Yeah, I don’t like this at all. No one should be forced to sell something if or where they don’t want to.

    Nor do I like content creators being content providers.

    The purpose of the first thing you mentioned you didn't like is to mitigate the dangers involved with allowing the second thing you didn't like. So sure, I can see where in another world, it would have been better not to have allowed the second thing to happen so measures like the first thing would be unnecessary.

    But that is not our world right now. Given that Comcast owns NBC, I am fine that they have to endure such stipulations.
  • Reply 28 of 47
    SpamSandwichSpamSandwich Posts: 33,407member
    Quote:
    Originally Posted by GQB View Post

     

    Its so entertaining to watch the Libertarian types (most of whom no doubt would love cable cutting) who live in a fantasy world where there is competition (almost nose-spit my coke at the comment that there was no cable monopoly) and the almighty free market is the all knowing arbiter of justice.

    I have to admire the masochistic faith in corporations that y'all seem to embrace. I'll take DOJ as my advocate any day.

    Not only should the NBC merger have been denied, but Comcast/Viacom need to be split up to separate content from pipes.


     

    On the other hand, I personally find it endlessly amusing that anyone would seriously believe our "pals" in Washington are doing anything for "your" benefit. The problem with government acting as the central planner and enforcer has been blatantly spelled out by the Snowden revelations. Who has not been paying attention? Politics and government is making people and businesses do something by force. Businesses have to ASK for your money. They don't get to print money whenever they need more.

     

    In addition, the very large businesses you are supposedly criticizing here are currently THE ONES MAKING THE LAWS by contributing to the lawmakers. I urge you to look up the definition of the word "corporatism". We do not have a free market economy in many, many respects.

  • Reply 29 of 47
    tallest skiltallest skil Posts: 43,399member
    Originally Posted by thompr View Post

    But that is not our world right now.

     

    So make it that world.

  • Reply 30 of 47
    thomprthompr Posts: 1,516member
    sog35 wrote: »
    Broadcast TV (NBC) is a utility.  All our tax dollars paid for that infrastructure.  Those should be available to all who can pay for it.

    Many stations (including NBC) are available for free over the air right now. I don't buy your argument that my tax dollars have somehow been used in a way that gives me the right to specify HOW I receive my programming, for example by "using AppleTV".

    But all of that is a moot argument anyway, because Comcast isn't out there saying that they don't want their content (NBC stuff) to be available to everyone. They are saying that they don't want it available through a specific delivery mechanism that competes with their own (which they attempt to make as available - and expensive - as possible). And therein lies a problem: they can compete unfairly against competition and maintain the (ridiculous) status quo simply by gimping their competitors by withholding critical content. In my view, given that the Comcast/NBC combination was approved, it was wise of the Feds to include this apparent caveat.
  • Reply 31 of 47
    thomprthompr Posts: 1,516member
    So make it that world.

    I'll leave that to you, since you are the one complaining about the situation. Doesn't that seem reasonable?
  • Reply 32 of 47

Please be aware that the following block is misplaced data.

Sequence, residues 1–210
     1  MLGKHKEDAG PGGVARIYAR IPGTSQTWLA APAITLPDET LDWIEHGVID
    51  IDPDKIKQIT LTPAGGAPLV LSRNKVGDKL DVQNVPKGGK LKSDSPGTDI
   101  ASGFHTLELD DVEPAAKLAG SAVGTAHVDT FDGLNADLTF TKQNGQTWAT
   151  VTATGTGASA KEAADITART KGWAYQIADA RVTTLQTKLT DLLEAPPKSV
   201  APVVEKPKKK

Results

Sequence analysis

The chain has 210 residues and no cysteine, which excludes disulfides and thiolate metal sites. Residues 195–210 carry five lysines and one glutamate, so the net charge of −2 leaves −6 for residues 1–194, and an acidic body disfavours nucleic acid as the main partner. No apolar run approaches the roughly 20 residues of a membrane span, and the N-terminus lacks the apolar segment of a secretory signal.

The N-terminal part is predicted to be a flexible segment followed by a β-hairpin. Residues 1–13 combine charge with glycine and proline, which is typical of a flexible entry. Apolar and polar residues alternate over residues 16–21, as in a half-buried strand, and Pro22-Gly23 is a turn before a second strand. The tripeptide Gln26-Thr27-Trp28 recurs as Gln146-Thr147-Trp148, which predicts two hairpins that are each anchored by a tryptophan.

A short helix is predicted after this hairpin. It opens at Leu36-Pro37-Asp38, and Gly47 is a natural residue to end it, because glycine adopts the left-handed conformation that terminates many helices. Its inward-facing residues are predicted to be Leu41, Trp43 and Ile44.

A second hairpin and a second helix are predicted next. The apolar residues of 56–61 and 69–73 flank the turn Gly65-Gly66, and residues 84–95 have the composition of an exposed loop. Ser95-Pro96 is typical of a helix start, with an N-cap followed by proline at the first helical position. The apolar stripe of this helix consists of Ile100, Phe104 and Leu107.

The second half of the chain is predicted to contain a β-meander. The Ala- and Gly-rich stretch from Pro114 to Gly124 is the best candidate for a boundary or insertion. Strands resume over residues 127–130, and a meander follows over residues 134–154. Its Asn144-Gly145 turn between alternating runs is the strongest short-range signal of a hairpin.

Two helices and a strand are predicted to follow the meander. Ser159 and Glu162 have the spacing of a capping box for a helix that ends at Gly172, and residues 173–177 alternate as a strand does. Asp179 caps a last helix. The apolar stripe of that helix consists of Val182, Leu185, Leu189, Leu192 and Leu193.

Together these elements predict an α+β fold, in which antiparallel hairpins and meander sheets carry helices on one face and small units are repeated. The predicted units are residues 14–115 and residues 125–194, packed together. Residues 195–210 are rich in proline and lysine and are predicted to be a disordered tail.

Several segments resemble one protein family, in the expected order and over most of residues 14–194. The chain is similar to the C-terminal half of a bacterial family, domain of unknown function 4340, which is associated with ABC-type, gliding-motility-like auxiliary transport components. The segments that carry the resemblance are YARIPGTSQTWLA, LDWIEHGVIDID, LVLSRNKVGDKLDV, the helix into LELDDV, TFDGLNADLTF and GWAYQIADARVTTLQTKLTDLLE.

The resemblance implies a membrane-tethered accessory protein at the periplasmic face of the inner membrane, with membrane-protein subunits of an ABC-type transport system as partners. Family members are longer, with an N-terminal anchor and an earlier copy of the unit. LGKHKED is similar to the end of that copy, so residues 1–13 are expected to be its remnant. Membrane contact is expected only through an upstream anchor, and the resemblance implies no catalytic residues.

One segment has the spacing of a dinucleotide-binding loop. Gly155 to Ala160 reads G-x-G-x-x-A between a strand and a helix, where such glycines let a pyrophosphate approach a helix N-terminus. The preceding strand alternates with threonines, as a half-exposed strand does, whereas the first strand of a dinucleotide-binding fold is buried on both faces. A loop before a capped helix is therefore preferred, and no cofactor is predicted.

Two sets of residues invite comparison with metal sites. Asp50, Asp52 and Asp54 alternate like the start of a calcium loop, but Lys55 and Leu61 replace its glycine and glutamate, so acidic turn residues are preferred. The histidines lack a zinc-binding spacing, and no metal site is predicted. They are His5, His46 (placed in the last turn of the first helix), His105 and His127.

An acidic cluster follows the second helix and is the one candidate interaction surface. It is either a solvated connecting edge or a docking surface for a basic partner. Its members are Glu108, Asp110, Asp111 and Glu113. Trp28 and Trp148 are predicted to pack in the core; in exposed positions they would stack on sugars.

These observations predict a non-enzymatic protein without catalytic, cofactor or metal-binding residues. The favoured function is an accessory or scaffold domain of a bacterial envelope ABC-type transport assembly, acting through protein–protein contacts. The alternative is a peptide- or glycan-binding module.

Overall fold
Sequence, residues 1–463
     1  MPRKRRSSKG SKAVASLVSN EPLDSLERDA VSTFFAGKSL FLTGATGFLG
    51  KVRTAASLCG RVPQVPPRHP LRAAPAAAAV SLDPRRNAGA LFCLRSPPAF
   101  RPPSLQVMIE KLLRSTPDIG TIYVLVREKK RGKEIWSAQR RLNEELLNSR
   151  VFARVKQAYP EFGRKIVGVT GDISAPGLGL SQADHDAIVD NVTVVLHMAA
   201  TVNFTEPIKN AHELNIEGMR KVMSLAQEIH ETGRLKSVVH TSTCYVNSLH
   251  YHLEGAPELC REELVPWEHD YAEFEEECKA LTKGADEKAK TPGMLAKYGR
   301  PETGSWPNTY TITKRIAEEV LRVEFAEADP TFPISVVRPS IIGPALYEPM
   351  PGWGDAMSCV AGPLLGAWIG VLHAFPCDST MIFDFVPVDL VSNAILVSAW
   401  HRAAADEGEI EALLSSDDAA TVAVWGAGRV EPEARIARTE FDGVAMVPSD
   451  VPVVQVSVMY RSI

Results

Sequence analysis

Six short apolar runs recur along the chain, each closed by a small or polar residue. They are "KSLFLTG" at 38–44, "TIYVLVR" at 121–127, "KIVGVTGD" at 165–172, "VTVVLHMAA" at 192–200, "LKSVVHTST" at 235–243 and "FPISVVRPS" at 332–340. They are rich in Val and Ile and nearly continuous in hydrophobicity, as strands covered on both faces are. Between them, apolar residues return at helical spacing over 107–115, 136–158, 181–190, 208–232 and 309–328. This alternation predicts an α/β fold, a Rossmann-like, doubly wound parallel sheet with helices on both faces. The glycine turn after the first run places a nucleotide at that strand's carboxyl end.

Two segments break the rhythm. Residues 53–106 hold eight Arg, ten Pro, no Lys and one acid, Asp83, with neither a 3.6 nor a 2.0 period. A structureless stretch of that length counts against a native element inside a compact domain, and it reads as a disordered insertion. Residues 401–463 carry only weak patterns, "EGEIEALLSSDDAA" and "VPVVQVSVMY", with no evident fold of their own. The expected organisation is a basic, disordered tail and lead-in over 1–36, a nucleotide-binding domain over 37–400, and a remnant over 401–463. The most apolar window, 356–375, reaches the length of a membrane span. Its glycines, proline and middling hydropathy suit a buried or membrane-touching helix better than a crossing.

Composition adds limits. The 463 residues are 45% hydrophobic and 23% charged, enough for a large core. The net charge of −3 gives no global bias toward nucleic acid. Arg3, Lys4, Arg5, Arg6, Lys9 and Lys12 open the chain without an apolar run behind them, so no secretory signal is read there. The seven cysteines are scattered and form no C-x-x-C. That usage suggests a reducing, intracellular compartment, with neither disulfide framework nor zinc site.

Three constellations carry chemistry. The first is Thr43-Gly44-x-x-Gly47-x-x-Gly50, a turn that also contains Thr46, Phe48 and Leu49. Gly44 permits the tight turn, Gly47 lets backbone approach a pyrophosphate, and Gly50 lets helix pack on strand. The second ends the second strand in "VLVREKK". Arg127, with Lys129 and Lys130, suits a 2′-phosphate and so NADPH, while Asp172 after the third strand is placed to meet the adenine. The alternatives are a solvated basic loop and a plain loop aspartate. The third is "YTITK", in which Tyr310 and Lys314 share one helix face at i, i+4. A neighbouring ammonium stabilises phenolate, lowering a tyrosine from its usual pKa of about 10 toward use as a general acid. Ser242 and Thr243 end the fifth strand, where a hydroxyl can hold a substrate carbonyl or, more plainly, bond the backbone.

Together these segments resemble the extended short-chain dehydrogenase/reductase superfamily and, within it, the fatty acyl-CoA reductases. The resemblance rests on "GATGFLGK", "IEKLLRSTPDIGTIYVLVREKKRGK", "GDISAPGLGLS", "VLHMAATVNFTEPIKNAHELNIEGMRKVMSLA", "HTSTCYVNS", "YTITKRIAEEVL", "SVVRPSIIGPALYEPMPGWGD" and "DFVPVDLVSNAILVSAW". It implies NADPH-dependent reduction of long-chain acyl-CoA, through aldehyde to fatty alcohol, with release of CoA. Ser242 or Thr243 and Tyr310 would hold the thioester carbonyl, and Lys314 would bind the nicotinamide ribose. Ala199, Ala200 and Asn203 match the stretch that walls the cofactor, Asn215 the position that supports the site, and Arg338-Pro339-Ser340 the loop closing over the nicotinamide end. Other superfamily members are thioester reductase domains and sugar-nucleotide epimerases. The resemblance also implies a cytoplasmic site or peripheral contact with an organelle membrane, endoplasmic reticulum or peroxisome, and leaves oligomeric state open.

realisticrealistic Posts: 1,154member
    Quote:
    Originally Posted by Beerstalker View Post

     

    A couple issues with this article (and most of the ones recently).

     

    I'm pretty sure they are wrong about the cost thing.  Comcast will have to make thier programming available at a cost comparable to what they charge other companies like Dish Network/DirecTV/Verizon Fios etc.  Not a price comparable to CBS's deals with Apple.  However, comparable is a pretty broad term, so don't think that just because DirecTV pays Comcast $3 a sub that Apple will get that same price, Comcast can maybe ask for like $3.50 or maybe $4 which seems close, but when you start to add up millions of customers it is a big difference in cost.  They can also make other unreasonable demands about packaging channels together, etc. that will make it not worth Apple signing a contract.  Most DirecTV customers are pretty familiar with this situation, especially those in the Philly market as they still can't get CSN Philly on DirecTV because Comcast and DirecTV can't come to an agreement.

     

    They keep referring to channels, but really that isn't what these are going to be in the way I understand it.  You are going to be able to get streaming on demand content of the shows that air on those channels, but you will not get a live streaming version of that channel airing the same shows at the same time as the cable/satellite channel.  It is going to be like on demand, once the show has aired on cable/satellite then it will be made available on these apps after a certain period of time (some immediately after air, some a few hours later, some a few days later, etc).  So pretty much it is going to work the same as the apps we have right now, but instead of entering your Comcast/DirecTV/Dish Network login email/password to authorize that app to work you will use your iTunes login/password and subscribe and pay for the channel through Apple/iTunes.




    Since Apple hasn't announced anything about this purely 'rumored' service your entire comment is all  speculation and opinion.

  • Reply 33 of 47
    axualaxual Posts: 244member
    I can do without NBC content. Anything with the name Comcast turns my stomach.
  • Reply 34 of 47
    thomprthompr Posts: 1,516member
    A couple issues with this article (and most of the ones recently).

    I'm pretty sure they are wrong about the cost thing.  Comcast will have to make thier programming available at a cost comparable to what they charge other companies like Dish Network/DirecTV/Verizon Fios etc.  Not a price comparable to CBS's deals with Apple.  However, comparable is a pretty broad term, so don't think that just because DirecTV pays Comcast $3 a sub that Apple will get that same price, Comcast can maybe ask for like $3.50 or maybe $4 which seems close, but when you start to add up millions of customers it is a big difference in cost.  They can also make other unreasonable demands about packaging channels together, etc. that will make it not worth Apple signing a contract.  Most DirecTV customers are pretty familiar with this situation, especially those in the Philly market as they still can't get CSN Philly on DirecTV because Comcast and DirecTV can't come to an agreement.